21.  How much do you identify with Theseus and the lovers in their critical response to Pyramus and Thisbe?

22. Commenting on Theseus, Anne Barton suggests that the "life of the self-appointed critic of the imagination and the irrational is permeated by exactly those qualities he is concerned to minimize or reject."  What might be these conditions and qualities? 

23.  Montrose argues that Theseus' life--which is marked by a "habitual victimization of women . . . is a discourse of anxious misogyny which persists as an echo within Shakespeare's text."  How important is this muted presence of Theseus' "life" (outside?) the play?

What is the effect of giving the closing scene and lines to the fairies?

24.  Does Puck's epilogue, where he claims that the audience may consider the play but a dream, resolve the problematic relations between dreams and waking reality?  How does it respond to Theseus’s perspective on theatrical representations?  Explain.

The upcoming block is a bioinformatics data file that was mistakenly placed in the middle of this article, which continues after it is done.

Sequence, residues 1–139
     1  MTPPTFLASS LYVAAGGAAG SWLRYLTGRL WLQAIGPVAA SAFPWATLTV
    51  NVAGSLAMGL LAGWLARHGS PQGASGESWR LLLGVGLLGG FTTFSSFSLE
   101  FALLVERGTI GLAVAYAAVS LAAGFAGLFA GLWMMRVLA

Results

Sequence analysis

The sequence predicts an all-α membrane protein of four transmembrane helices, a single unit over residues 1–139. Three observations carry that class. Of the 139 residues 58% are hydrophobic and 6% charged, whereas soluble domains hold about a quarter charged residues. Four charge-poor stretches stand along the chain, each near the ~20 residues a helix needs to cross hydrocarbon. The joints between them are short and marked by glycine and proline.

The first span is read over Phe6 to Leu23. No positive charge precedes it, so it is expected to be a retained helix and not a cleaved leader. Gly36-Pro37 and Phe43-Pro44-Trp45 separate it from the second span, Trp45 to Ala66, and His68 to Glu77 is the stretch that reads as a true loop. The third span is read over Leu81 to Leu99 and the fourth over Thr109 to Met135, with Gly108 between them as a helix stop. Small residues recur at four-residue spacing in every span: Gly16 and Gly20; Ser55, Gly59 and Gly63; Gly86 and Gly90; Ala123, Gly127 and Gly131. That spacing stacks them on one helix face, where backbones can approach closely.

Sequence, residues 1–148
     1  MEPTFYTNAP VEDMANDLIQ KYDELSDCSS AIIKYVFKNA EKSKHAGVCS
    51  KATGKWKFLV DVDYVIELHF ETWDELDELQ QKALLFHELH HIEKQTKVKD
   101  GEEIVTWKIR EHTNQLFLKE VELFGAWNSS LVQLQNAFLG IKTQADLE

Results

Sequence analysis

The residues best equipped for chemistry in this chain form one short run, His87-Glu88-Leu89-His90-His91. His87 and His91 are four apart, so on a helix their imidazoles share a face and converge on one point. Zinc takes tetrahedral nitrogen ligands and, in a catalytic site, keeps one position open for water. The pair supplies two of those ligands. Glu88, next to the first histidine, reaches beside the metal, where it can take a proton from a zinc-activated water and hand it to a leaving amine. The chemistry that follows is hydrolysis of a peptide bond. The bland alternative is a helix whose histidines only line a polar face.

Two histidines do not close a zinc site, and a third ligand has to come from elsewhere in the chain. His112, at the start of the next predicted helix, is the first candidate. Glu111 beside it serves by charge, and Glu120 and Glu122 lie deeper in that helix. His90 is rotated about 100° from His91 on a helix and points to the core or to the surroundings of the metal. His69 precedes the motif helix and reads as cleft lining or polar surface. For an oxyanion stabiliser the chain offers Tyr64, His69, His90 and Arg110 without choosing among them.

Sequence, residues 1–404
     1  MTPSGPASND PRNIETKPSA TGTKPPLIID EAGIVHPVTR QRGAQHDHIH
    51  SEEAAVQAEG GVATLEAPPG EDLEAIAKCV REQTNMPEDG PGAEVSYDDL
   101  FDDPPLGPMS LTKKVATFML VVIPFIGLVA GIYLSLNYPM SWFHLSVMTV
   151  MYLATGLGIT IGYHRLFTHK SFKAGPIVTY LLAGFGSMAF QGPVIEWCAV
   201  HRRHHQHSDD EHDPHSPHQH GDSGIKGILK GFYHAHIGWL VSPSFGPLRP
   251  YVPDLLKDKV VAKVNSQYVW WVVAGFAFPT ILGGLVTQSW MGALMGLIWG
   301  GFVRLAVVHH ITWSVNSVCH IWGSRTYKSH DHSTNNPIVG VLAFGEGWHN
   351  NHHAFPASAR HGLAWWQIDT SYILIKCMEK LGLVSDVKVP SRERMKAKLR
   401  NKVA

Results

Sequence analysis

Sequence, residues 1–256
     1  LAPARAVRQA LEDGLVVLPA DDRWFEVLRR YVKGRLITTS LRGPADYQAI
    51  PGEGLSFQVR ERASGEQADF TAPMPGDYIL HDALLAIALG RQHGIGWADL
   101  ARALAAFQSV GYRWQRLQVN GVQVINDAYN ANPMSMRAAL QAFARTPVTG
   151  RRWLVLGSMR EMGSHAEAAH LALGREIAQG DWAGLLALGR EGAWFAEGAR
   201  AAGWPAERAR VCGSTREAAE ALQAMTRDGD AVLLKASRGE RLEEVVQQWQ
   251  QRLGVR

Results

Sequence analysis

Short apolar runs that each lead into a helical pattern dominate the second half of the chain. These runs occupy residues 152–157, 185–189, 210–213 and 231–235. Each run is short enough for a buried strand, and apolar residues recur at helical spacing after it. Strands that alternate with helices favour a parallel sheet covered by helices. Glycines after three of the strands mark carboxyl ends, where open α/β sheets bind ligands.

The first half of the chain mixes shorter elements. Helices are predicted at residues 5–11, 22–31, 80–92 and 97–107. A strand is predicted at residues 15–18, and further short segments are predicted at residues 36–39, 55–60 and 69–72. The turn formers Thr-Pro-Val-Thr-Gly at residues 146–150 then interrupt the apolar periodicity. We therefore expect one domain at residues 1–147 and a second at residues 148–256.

25.  Review/summarize McEvoy’s comments (Shakespeare: The Basics), particularly the argument (from Krieger) that the play represents violence in forms of artful spectacle, with lovers who dramatize the power of literary and aristocratic modes of authority (over passion/desire).  And Louis Montrose, as stated by McEvoy, finds the play’s comedy about “the containment of challenges to the symbolic and actual power of men over women.”  How do such claims affect your understanding and response, or to Shakespeare’s comedies in general?